On April 20, 2017, The Wall Street Journal reported that Project FANchise was planning on launching a new league called the "Interactive Football League". Project FANchise CEO Sohrob Farudi confirmed that the Screaming Eagles and Crush would finish the 2017 season[12] and would be leaving the league afterwards.[13] The new league planned to play all of its games in only one city with eight new teams. The league was later re-branded as the "Electronic Football League" (eFL) in October 2017[14] and then again one month later to the "Fan Controlled Football League" (FCFL).

According to the league's revamped website: "All FCFL games will be live-streamed on Twitch, the world’s leading social video service and community for gamers and eSports, available on mobile, desktop, and tablet. The FCF has also teamed up with IMG Original Content who will be supporting the league with their unparalleled expertise in sports and entertainment." [15]


Team[16][17] Joined Owners
Beasts 2020 Marshawn Lynch, Mike Tyson and Miro
Glacier Boyz Richard Sherman, Quavo and Deestroying
Wilds Aces Greg Miller and Austin Ekeler
Zappers Trevor May and Bob Menery


  1. "Rule Book". Attach.io. Retrieved November 15, 2017.
  2. "eFL Official Website". eFL. Retrieved November 15, 2017.
  3. "Twitch Combines Live Sports and Video Games in Fan-Controlled Football Partnership".
  4. "Fan Controlled Football to Stream on Twitch in 2021".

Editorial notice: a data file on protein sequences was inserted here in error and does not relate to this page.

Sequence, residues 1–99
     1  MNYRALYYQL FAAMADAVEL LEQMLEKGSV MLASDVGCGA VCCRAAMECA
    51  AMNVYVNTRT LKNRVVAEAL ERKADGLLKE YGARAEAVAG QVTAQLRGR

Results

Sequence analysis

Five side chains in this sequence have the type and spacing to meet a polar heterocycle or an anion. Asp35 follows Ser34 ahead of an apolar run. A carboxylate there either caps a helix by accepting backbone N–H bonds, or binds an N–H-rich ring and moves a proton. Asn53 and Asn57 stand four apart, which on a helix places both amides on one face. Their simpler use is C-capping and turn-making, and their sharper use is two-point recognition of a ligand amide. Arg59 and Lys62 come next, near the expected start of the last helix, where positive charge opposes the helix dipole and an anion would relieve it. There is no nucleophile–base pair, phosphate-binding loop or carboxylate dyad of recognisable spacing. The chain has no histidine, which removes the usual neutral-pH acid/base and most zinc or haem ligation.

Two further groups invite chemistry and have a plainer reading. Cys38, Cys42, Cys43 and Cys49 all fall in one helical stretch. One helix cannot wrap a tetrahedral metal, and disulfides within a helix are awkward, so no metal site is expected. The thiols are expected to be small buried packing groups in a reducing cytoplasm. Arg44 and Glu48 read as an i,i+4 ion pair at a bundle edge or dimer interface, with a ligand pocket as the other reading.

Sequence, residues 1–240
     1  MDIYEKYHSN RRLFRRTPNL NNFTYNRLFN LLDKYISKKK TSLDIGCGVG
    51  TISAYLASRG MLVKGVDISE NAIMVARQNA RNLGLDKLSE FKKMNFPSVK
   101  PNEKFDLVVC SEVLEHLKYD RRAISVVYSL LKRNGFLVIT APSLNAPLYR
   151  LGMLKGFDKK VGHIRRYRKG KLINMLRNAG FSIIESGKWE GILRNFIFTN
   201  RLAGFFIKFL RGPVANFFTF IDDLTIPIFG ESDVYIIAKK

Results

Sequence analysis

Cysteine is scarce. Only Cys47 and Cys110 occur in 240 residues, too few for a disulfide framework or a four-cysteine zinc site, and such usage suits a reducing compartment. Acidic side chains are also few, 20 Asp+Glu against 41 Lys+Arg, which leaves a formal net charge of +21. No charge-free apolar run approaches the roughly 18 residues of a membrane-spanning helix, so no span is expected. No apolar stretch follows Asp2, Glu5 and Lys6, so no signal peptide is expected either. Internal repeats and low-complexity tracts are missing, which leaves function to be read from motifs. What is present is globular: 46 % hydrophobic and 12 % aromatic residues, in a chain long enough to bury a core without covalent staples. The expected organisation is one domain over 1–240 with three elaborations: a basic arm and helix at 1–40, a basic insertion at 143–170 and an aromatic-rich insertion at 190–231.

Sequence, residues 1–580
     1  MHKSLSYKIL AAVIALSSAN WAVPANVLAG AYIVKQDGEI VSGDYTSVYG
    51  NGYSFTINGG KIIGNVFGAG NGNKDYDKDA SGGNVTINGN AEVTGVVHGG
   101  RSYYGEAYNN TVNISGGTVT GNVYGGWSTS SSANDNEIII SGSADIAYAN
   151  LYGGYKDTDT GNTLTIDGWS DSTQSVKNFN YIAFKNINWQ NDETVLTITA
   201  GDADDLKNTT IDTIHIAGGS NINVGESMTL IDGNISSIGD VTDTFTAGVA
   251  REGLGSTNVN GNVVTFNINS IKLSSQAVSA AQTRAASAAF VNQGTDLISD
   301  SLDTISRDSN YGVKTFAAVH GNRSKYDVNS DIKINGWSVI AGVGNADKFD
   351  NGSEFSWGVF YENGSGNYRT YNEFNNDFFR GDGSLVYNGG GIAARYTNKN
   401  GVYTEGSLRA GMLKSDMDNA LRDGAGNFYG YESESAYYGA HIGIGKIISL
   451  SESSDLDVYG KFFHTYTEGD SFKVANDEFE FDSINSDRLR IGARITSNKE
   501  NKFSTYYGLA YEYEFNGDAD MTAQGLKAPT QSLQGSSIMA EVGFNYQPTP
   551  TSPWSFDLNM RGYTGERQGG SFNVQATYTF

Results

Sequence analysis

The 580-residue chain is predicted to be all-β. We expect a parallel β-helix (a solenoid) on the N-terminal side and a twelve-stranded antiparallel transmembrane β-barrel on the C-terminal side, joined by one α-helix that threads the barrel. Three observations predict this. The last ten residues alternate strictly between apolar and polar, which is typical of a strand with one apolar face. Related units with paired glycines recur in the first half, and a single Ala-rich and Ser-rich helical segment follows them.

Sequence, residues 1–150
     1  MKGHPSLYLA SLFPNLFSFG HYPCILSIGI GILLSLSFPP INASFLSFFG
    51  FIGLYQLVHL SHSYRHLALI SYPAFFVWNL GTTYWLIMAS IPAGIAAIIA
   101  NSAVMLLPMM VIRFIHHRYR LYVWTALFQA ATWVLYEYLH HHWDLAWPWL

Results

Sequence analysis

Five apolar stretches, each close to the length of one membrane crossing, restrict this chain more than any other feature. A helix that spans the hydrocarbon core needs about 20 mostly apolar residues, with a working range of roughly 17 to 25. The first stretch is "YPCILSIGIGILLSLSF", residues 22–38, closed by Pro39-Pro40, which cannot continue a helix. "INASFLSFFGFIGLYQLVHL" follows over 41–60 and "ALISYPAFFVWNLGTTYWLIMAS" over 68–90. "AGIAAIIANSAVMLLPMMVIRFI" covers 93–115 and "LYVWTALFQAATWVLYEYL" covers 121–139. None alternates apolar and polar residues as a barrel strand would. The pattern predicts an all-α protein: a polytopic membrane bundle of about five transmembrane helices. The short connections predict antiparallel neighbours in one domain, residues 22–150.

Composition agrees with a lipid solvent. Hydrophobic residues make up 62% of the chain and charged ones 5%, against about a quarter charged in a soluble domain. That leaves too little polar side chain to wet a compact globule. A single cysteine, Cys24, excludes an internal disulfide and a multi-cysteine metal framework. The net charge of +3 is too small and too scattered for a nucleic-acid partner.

5. "Fan Controlled Football drafts in Twitch for enhanced viewer interaction".
  6. "Andy Dolich; The time is now for fan-controlled sport".
  7. "Los Angeles Chargers running back Austin Ekeler is now a team owner in the Fan Controlled Football League".
  8. Chad Johnson Joins Marshawn Lynch, Richard Sherman in FCFL as a Team Owner, Rob Goldberg, Bleacher Report, March 6, 2019
  9. "When Start-Ups Come to the Sports World". Sports Illustrated. Retrieved November 21, 2019.
  10. "Quavo Announced as Newest Investor of Fan Controlled Football".
  11. "Are You Ready for Some (Fan-Controlled) Football?".
  12. "How Can Football Video Games Get More Realistic? Real Humans". The Wall Street Journal. April 20, 2017.
  13. "WEEKLY SPORTS LEAGUE & FRANCHISE REPORT". OurSports Central. April 24, 2017.
  14. "Hello World – Introducing the eFL and the FAN Token". Electronic Football League. October 11, 2017.
  15. About Us, FCFL website
  16. "Fan Controlled Football League Chooses Team Names, Solicits Logo Submissions".
  17. "Fan Controlled Football League Announces Fan-Chosen Team Names".

External Links[edit]

This article "Fan Controlled Football" is from Wikipedia. The list of its authors can be seen in its historical and/or the page Edithistory:Fan Controlled Football. Articles copied from Draft Namespace on Wikipedia could be seen on the Draft Namespace of Wikipedia and not main one.